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HOMESTEAD -- Jack Roush Sr. celebrated a racing milestone yesterday at Homestead-Miami Speedway when his son, Jack Roush Jr., and co-driver Billy Johnson won the Homestead 200 (Grand Sport Class) at Homestead-Miami Speedway. The win marked the 400th all-time victory for Roush Sr. in road racing and NASCAR combined.
The race, which was part of the Continental Tire Sports Car Challenge Series, featured Roush Jr. starting from the 34th position and driving his Mustang GT all the way through the field until he finally got the lead on Lap 35 of the 91-lap event.
Roush Sr. spoke about his feelings on that memorable victory while Jamie Allison, director, Ford Racing North America Motorsports, also provided some comments after witnessing yesterday’s race.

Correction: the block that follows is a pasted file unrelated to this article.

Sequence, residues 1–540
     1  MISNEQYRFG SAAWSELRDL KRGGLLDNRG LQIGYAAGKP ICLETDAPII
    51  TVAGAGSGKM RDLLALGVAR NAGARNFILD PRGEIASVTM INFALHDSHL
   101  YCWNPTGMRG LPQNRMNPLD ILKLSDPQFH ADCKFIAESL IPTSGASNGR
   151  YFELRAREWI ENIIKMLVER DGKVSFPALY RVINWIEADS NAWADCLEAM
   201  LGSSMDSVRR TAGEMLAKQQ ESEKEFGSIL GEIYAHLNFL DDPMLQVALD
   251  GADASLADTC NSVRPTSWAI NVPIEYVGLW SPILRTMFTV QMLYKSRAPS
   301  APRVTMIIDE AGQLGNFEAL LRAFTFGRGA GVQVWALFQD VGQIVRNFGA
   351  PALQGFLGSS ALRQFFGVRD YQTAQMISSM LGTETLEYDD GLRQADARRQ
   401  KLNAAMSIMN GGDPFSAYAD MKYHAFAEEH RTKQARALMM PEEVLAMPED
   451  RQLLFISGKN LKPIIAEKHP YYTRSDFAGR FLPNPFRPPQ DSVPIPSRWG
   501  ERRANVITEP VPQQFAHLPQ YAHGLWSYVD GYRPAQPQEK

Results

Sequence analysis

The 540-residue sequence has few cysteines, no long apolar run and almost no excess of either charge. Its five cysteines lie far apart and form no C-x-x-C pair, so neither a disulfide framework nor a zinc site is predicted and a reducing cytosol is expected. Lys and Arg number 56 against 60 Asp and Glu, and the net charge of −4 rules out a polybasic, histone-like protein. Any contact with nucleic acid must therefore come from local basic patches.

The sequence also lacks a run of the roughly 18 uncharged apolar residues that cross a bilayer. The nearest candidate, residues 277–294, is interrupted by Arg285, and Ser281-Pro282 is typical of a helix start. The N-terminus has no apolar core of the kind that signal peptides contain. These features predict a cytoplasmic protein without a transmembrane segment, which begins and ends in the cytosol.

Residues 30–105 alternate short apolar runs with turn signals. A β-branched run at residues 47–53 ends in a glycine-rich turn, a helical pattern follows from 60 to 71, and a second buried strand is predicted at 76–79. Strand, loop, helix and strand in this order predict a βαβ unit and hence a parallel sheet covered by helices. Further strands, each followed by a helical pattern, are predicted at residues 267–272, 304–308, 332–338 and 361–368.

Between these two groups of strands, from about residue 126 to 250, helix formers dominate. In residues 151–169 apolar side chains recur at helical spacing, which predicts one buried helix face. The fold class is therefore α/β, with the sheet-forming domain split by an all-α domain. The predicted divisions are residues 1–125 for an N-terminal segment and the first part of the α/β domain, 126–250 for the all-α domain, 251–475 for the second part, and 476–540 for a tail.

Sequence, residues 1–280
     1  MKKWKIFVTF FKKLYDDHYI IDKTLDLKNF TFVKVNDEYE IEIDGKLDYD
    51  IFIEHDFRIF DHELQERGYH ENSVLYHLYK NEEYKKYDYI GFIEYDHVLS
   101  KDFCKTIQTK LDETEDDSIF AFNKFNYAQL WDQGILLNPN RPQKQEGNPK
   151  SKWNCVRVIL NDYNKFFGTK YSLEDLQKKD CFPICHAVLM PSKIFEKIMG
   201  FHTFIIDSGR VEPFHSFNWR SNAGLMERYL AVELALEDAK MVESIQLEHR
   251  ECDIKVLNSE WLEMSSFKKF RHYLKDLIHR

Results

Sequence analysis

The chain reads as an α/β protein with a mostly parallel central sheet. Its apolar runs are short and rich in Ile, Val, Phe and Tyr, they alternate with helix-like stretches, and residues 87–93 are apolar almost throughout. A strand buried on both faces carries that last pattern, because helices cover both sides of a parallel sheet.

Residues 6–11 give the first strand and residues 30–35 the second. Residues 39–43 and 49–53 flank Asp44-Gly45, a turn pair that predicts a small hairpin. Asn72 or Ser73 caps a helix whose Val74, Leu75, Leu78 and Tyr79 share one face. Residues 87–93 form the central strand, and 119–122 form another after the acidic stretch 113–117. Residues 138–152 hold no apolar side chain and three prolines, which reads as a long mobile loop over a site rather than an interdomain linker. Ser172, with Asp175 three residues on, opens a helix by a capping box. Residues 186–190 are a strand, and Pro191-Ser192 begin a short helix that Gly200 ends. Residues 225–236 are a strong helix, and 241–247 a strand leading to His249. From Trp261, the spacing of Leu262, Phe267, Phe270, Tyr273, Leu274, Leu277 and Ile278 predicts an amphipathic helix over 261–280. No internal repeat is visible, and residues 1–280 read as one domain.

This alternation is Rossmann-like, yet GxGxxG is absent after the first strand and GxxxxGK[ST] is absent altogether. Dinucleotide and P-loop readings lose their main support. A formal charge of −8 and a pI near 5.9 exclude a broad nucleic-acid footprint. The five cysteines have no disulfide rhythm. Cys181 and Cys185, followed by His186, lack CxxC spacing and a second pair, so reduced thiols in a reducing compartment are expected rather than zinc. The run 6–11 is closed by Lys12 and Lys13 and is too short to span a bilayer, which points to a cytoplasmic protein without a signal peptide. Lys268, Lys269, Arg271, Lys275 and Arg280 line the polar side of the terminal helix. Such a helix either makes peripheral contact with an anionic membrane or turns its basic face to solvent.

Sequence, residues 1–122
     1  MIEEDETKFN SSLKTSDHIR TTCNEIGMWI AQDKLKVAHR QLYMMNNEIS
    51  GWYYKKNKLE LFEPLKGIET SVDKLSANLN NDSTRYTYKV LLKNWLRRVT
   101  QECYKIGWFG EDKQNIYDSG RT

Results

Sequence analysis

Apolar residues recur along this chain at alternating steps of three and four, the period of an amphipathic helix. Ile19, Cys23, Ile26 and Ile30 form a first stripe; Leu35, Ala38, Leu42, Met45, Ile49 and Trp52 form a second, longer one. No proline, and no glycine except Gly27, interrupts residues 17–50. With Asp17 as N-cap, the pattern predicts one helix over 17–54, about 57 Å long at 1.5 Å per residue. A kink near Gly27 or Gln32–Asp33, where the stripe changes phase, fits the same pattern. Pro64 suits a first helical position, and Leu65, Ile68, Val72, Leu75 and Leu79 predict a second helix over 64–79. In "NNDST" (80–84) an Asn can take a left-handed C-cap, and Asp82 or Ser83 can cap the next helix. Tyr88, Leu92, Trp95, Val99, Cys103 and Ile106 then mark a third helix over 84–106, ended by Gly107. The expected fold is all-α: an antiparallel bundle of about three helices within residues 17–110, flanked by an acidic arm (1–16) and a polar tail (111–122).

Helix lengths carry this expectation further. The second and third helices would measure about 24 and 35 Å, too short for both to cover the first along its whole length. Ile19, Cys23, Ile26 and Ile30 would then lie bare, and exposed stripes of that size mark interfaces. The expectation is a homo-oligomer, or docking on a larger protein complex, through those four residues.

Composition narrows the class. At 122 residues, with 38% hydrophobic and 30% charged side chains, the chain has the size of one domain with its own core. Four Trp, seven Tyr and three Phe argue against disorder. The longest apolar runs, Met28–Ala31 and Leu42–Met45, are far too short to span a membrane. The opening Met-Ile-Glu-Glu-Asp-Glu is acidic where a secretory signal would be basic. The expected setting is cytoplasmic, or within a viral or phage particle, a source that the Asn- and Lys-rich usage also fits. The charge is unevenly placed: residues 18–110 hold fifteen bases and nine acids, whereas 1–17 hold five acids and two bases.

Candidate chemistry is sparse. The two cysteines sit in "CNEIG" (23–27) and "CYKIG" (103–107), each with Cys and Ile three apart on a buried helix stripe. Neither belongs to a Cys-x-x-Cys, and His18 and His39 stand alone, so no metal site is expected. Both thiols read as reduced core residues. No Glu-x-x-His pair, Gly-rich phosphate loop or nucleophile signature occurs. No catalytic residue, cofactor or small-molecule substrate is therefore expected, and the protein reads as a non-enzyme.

JACK ROUSH SR., Owner, Roush Fenway Racing
Q. JACK HAD TO START FROM THE BACK AND DROVE IT ALL THE WAY THROUGH THE FIELD. WHAT WERE YOUR THOUGHTS WATCHING THAT?
A. It was unfortunate in the race yesterday that the pole qualifying time Jack earned was disqualified based on an infraction the sanctioning body said that he had for his brake duct placement, so they removed the brake ducts that were in question and he had to start in the back. There were two or three other cars that had to start in the back as well, but without pit stops he went to 12th or 13th under green, and when he turned the car over to Billy Johnson around the midway point, he was in first place. Billy was able to maintain that, and one of the reasons was a decision to only make one stop. The fuel system of the Ford Mustang was able to get great fuel economy that allowed them to make one stop instead of two, so they raced up front the last half of the race. It was a timed race of two hours and 30 minutes, and when the last caution occurred within 15 minutes of the end, he was able to stretch his lead out in the closing laps and they were able to finish first. That’s the second time this driver combination has won.
Q. WHAT WAS YOUR REACTION?